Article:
Zj                 \$0        \$0        \$0         \$0             \$0
Cj        Zj            \$7        \$5        \$0         \$0        (total profit)

SIMPLEX SOLUTION PROCEDURES
Once we have completed an initial tableau, we proceed through a series of five steps to compute all
of the numbers we need for the next tableau. The calculations are not difficult, but they are suffi-
ciently complex that the smallest arithmetic error can produce a very wrong answer.
We first list the five steps and then apply them in determining the second and third tableau for the
data in the Shader Electronics example.
1. Determine which variable to enter into the solution mix next. Identify the column—
hence the variable—with the largest positive number in the Cj Zj row of the previous
tableau. This step means that we will now be producing some of the product contributing
the greatest additional profit per unit.
2. Determine which variable to replace. Because we have just chosen a new variable to enter into
the solution mix, we must decide which variable currently in the solution to remove to make
room for it. To do so, we divide each amount in the quantity column by the corresponding
number in the column selected in step 1. The row with the smallest nonnegative number calcu-
lated in this fashion will be replaced in the next tableau (this smallest number, by the way, gives
the maximum number of units of the variable that we may place in the solution). This row is
often referred to as the pivot row, and the column identified in step 1 is called the pivot col-
umn. The number at the intersection of the pivot row and pivot column is the pivot number.
3. Compute new values for the pivot row. To find them, we simply divide every number in the
row by the pivot number.
4. Compute new values for each remaining row. (In our sample problems there have been only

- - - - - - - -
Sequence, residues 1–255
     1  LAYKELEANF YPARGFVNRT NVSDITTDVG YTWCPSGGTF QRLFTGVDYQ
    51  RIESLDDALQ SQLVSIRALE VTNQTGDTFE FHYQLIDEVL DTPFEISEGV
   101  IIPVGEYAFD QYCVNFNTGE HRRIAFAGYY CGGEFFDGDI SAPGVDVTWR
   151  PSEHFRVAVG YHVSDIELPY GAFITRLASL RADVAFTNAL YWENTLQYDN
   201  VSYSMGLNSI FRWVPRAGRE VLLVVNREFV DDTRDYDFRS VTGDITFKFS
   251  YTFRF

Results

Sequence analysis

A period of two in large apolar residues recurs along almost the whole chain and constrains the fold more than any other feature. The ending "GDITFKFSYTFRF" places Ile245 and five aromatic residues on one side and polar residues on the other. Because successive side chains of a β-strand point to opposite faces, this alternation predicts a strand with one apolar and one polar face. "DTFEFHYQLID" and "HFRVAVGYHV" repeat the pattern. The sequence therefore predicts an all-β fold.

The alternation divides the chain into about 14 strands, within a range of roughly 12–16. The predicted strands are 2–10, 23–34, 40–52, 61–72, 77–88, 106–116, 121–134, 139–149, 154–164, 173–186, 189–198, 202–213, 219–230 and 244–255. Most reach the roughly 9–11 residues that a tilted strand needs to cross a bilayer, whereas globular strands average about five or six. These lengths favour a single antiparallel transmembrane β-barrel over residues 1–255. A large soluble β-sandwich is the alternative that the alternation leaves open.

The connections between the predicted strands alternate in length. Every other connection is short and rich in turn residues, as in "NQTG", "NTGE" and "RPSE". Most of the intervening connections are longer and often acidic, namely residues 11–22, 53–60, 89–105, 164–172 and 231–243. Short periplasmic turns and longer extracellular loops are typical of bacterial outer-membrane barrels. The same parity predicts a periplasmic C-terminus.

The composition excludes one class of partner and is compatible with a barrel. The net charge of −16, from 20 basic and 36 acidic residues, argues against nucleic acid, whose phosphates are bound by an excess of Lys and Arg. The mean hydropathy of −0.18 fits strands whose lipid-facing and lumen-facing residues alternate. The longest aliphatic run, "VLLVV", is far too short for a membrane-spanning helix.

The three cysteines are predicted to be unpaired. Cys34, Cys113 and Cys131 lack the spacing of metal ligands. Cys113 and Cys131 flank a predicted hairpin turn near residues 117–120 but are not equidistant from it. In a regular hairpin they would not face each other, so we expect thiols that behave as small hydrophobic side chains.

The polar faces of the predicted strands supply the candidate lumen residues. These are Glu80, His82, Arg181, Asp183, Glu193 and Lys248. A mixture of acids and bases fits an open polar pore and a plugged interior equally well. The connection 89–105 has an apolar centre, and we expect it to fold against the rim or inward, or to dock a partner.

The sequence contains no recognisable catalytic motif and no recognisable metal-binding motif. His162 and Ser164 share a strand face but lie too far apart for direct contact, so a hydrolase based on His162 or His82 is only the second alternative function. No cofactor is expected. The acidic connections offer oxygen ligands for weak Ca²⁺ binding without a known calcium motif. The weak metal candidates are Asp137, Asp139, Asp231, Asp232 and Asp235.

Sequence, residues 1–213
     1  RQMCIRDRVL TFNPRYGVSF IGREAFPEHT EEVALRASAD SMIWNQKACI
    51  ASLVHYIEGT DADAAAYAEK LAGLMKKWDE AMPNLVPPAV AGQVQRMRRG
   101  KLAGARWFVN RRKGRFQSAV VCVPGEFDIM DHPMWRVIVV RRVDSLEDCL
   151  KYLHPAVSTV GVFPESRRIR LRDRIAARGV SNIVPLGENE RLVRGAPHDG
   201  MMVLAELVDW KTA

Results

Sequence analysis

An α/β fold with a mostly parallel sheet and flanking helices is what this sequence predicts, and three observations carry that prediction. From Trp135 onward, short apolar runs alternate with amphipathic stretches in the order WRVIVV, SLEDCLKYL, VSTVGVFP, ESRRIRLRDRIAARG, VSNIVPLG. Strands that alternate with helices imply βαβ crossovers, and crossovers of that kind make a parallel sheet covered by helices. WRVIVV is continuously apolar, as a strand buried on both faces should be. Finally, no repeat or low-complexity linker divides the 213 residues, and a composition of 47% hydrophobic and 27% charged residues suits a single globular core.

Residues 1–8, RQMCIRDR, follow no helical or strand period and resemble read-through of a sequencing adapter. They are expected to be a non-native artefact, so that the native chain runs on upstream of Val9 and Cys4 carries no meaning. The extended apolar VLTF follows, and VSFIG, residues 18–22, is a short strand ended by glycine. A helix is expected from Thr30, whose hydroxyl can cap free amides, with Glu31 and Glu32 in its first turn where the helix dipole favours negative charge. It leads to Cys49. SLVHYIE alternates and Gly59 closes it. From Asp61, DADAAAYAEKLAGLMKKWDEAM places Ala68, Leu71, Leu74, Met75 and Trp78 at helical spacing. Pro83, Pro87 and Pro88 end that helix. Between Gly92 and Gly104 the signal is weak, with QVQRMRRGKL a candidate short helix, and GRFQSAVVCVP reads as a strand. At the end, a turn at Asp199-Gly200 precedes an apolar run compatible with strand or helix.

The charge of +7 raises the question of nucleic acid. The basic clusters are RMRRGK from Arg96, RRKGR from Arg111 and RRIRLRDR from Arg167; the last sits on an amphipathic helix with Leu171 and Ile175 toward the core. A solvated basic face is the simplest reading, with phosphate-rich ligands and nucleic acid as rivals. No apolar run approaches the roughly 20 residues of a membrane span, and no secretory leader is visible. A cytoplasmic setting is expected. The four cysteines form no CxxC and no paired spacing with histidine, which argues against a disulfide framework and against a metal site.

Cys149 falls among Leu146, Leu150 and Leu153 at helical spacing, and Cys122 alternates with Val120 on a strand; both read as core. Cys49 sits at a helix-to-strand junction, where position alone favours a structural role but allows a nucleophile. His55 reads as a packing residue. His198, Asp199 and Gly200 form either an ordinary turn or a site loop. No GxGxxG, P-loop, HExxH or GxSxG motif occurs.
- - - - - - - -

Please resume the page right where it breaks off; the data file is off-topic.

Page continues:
two rows in the LP tableau, but most larger problems have many more rows.) All remaining
row(s) are calculated as follows:

 number in old row  corresponding number in  
 New row =  numbers  −  above or below × the new row, i.e., the row 
                                            
 numbers   in old row                                              
 pivot number           replaced in step 3  

5.   Compute the Zj and Cj Zj rows, as demonstrated in the initial tableau. If all numbers in
the Cj Zj row are zero or negative, we have found an optimal solution. If this is not the
All of these computations are best illustrated by using an example. The initial simplex tableau
computed in Table T3.1 is repeated below. We can follow the five steps just described to reach an
optimal solution to the LP problem.

Cj →                                      \$7             \$5                \$0        \$0
↓             SOLUTION
MIX                       X1             X2                S1        S2              QUANTITY
pivot number
1ST TABLEAU

\$0                S1                        2              1                1         0                    100 ← pivot
\$0                S2                        4              3                0         1                    240    row
Zj                    \$0             \$0                \$0        \$0                    \$0
Cj        Zj               \$7             \$5                \$0        \$0                    \$0

pivot column
(maximum Cj Zj values)
S I M P L E X S O L U T I O N P RO C E D U R E S             T3-5